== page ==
William Metcalfe, 2/26/2018

Current Occupation: Having retired from profitable work, I am playing about with either writing or photography.
Former Occupation: There were 40 years of picture framing. My company was one of the first in Washington, DC, to push for preservation as a very important aspect of a framing job. 
Contact Information: After 30 years of aimless travel, I settled down in Washington, DC. after I found I enjoyed working as a picture framer. In the years of travel and of working with customers, I have accumulated a large collection of stories, which exist as short notes. For a period, I was also, by acclamation, a interesting photographer, but a move to a near suburb, a wonderful wife and our 3 children took more and more time. I had to curtail my pursuits. Now that I am retired and my children are adults, I have returned to earlier interests. The iMac which sits on my desk offers itself as a means of rendering a legible copy of a story from the dusty corridors of my mind. It also offers itself as a instructor in converting digital snapshots into something much more meaningful, might I say art. One can only hope

 

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BLOOD ON THE DALI

    24 years ago, a small cut on my nose cost me over $400. I was workikng as a picture framer working for a customer on some large Salvador Dali prints. It was a set of 4 separate images. Each was Dali's idea of the most telling aspect of a great America city. Their owner had been screwed on them. In spite of serious visual damage, they had been falsely sold as investment art.
    I began by working on San Francisco. Dali had picked the Chinese New Year as their important event. The prints were black and white with splotches of a faded red. This is why the prints were crap. They were cheaply framed, which had caused some problems. The once white paper that the art was printed on was now more beige than white. A more serious fault was that the red ink had almost faded into oblivion.
    These prints were in my shop when I still had hair. I used to visit a barber every season, although I might skip winter. My hair was long and it hung in front of my eyes. Now, I tie back what is left. Eventually, I will be able to leave it behind in the house when I go to work. Back then, when working, I would just brush it aside with my hand. 
    Here I should admit that I let my fingernails grow longer than most people. I regard them as tools. I find it easier to handle pieces of delicate paper with my fingernails. When the nail of a thumb breaks off, I suffer as though I have a lost an irreplaceable tool.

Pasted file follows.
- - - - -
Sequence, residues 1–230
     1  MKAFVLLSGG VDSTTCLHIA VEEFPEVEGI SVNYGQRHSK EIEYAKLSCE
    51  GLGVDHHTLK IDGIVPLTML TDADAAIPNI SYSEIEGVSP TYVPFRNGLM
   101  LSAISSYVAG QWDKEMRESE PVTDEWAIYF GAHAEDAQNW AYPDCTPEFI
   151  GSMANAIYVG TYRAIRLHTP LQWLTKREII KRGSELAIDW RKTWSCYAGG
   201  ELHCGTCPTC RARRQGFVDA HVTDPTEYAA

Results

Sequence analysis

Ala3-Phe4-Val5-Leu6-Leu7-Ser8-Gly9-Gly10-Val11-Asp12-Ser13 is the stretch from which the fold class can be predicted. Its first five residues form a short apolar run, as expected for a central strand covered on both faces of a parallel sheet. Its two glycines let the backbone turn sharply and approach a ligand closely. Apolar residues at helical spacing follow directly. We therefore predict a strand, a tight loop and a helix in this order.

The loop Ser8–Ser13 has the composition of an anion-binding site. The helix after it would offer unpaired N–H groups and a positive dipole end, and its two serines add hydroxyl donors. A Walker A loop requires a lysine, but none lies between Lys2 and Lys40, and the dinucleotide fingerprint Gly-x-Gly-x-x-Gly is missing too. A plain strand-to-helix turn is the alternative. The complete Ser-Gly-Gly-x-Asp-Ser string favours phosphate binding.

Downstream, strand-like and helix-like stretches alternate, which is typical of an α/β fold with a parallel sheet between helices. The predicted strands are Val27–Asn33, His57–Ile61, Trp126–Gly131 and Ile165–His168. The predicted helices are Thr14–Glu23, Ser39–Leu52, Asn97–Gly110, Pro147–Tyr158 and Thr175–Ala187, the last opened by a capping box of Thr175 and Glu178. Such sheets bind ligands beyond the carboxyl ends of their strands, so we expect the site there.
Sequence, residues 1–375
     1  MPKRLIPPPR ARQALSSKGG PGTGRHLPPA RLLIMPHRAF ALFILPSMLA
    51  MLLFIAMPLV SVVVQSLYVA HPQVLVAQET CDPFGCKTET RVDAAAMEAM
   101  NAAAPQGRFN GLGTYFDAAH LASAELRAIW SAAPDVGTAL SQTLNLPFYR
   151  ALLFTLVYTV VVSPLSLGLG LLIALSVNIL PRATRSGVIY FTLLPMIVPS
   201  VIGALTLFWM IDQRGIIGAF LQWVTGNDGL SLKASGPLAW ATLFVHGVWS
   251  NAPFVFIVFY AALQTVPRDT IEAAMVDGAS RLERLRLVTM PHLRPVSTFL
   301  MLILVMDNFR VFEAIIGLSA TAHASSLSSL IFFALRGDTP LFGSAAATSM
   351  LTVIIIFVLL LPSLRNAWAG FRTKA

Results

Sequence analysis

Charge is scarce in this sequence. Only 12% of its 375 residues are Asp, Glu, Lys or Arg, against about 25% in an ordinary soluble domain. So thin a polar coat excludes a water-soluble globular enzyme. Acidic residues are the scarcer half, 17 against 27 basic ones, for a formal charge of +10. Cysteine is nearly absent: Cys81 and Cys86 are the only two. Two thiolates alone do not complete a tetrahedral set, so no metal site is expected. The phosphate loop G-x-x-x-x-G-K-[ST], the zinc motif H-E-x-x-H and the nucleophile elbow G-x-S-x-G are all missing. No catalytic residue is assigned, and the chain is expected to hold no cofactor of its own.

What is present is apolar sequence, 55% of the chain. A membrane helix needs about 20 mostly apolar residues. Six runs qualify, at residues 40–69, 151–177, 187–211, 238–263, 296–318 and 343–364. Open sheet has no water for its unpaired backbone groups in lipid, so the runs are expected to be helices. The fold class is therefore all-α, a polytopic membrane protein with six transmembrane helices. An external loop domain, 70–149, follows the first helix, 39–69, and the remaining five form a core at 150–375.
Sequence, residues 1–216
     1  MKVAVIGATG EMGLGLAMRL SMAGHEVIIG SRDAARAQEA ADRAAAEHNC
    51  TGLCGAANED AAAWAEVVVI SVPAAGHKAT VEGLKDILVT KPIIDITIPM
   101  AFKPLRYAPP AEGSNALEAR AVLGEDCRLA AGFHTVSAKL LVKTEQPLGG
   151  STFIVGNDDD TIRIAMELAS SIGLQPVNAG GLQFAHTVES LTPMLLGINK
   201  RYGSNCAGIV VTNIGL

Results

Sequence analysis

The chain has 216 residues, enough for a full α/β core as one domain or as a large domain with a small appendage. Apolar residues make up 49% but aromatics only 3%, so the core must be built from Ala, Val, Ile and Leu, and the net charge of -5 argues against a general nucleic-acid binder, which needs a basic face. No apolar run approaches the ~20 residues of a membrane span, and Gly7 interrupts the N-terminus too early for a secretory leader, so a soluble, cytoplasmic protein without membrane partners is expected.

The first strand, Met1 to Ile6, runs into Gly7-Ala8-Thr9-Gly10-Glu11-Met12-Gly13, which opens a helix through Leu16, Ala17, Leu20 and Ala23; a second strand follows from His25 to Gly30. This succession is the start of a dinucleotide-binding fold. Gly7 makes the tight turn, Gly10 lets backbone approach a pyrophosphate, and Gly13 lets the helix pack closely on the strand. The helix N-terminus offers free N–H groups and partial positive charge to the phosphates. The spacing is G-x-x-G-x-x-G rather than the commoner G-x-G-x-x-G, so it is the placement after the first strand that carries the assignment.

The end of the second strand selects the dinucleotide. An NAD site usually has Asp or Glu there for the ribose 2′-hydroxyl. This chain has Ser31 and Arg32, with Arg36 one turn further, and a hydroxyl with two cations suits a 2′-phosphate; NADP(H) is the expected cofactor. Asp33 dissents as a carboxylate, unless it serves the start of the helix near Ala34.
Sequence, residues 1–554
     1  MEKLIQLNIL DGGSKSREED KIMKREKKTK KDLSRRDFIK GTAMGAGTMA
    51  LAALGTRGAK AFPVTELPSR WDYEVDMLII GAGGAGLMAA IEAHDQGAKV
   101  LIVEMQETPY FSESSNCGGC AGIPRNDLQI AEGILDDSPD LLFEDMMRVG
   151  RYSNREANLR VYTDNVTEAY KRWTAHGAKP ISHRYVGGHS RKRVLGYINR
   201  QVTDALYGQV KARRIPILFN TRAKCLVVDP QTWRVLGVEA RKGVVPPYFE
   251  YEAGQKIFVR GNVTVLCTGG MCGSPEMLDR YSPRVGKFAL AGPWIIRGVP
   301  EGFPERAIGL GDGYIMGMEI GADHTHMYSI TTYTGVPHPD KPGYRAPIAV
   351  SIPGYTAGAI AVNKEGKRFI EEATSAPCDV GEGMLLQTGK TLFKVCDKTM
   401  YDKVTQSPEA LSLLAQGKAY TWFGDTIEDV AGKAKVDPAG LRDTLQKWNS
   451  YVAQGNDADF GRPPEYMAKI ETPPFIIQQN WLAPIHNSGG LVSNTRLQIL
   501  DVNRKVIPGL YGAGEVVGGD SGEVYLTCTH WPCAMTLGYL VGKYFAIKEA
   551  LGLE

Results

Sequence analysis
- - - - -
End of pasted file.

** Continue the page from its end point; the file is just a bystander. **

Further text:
This disaster was caused when I leaned over to examine the print. To clear my vision, I brushed the hair from my face. When my fingernail cut the flesh of my nose, I didn't realize that I was bleeding. After I straightened up, I saw that these new reds in the Dali were vibrant and fully colored. When my heart began beating again, I dabbed at the spots of blood with a paper towel. 
    I carried insurance for damage to art entrusted to me. So, I put the Dali aside until the following day when I called a paper conservator that lived near me. I had called the customer earlier and gave her the choice of letting my person work on the print or of her finding another qualified person. Since there were three other prints, I hoped that a conservator could maintain their matching appearance. It would have been difficult to replace the print and judging from the condition of this one, another probably wouldn’t match either. 
    I carried the piece to the paper conservator and we talked about solutions for rectifying the damage. The print actually looked better with my blood, but that was not an option. The print included images of fireworks exploding in the sky. Then the conservator dropped a bombshell. She would remove my blood but then she would have to wash the entire print. When the blood was removed, the bright red spot would be replaced with a bright white one unless the print was totally washed. I saw immediately that I might have to have all 4 prints treated because washing would remove the discoloration from the paper and these prints should all match. With one washing, the customer would have 1 print on paper that looked fresh and new while the 3 others would look like badly handled antiques. Fortunately, the customer was satisfied with having the one print cleaned. I paid for the work rather than contacting the insurance company because I wanted to keep my rates low.
    When the cleaning was finished, I also learned, from the customer, that the value of her prints was quite low, much lower than she paid,  because of their poor condition. The customer just added my accident to the summation of her screwing.
 

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